ASC volunteers are going deep to learn more about the scope of aquatic microplastic pollution—literally. The divers of National Geographic Explorer-in-Residence Dr. Enric Sala's Pristine Seas team work to find, survey and protect the last wild places in the ocean, and for the last year they've been gathering samples for the ASC Global Microplastics Initiative from beneath the ocean surface.
Marine creatures of all types and sizes are affected by microplastic pollution: Often ingested by smaller aquatic life, it passes up the food chain, bringing with it the toxins that commonly absorbed by plastic particles.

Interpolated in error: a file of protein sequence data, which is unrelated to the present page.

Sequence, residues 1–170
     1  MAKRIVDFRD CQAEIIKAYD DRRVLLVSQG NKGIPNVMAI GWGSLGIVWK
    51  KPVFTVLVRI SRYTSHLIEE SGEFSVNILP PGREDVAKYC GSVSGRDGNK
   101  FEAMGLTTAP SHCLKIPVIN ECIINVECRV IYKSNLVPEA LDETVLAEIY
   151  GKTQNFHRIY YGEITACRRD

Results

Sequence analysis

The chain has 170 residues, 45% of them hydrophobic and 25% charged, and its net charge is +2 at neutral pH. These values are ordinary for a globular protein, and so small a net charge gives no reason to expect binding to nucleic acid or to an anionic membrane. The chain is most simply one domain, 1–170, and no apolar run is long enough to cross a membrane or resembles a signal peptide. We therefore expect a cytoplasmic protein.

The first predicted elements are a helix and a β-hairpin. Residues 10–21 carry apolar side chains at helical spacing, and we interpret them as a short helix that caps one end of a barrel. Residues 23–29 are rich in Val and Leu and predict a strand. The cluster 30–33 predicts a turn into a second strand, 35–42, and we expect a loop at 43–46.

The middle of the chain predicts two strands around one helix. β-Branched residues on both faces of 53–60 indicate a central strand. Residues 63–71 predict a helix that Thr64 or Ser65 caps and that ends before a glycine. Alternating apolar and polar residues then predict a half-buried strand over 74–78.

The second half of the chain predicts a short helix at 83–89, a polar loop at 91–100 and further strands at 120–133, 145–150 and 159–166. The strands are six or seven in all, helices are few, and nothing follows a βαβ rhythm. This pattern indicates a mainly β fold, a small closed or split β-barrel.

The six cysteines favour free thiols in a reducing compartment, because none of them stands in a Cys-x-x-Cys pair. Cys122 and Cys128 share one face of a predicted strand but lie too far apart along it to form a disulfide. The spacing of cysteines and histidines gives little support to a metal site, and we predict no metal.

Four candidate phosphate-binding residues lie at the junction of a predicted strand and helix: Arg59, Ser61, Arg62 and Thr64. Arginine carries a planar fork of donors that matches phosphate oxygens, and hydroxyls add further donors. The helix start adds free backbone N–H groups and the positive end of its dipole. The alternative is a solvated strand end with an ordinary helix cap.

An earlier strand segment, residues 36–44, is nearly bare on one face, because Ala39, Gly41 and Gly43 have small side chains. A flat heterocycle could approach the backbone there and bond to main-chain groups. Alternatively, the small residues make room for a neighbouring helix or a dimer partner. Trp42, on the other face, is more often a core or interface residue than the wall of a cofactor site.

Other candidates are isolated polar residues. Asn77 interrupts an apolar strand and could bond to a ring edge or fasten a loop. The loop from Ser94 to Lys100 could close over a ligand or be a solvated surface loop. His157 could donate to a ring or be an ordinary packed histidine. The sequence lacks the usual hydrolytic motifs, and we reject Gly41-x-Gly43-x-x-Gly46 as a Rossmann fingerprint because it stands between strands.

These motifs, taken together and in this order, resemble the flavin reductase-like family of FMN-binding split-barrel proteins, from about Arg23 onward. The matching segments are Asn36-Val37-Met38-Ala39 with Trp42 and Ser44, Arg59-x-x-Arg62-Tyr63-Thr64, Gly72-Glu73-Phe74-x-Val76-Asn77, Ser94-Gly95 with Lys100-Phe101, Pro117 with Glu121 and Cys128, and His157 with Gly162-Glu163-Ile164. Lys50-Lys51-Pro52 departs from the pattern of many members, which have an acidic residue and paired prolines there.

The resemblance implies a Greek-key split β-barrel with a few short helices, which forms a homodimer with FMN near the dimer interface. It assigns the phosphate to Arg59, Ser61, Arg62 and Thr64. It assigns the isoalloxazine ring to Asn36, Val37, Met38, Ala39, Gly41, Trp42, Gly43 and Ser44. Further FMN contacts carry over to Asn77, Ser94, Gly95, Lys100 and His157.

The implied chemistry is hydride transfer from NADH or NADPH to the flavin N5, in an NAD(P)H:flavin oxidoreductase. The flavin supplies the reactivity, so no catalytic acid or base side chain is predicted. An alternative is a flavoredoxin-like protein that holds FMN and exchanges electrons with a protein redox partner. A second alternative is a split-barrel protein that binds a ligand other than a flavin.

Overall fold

Pristine Seas included the findings from their ASC samples in a report to the Government of Palau, which you can read here, and have since gathered samples from remote waters in the Seychelles and Baffin Bay.
In Palau, the Pristine Seas team collected 22 samples—half on the surface and the rest at three and five meters below the surface. ASC microplastics researcher Abby Barrows found that the Palau samples gathered below the ocean surface contained a higher number of microplastics—263 pieces in total—compared to 191 from the surface samples.
In the Seychelles, Pristine Seas team collected another 22 samples, both on and below the water surface. In those, Barrows found an average of 6 pieces of microplastic per liter, a maximum of 52 pieces per liter, and only one sample with no plastics. Again, more microplastics were present in the samples from below the surface.
The expedition helped to inspire the President of Palau to create a National Marine Sanctuary around 80 percent of the country's waters last month.
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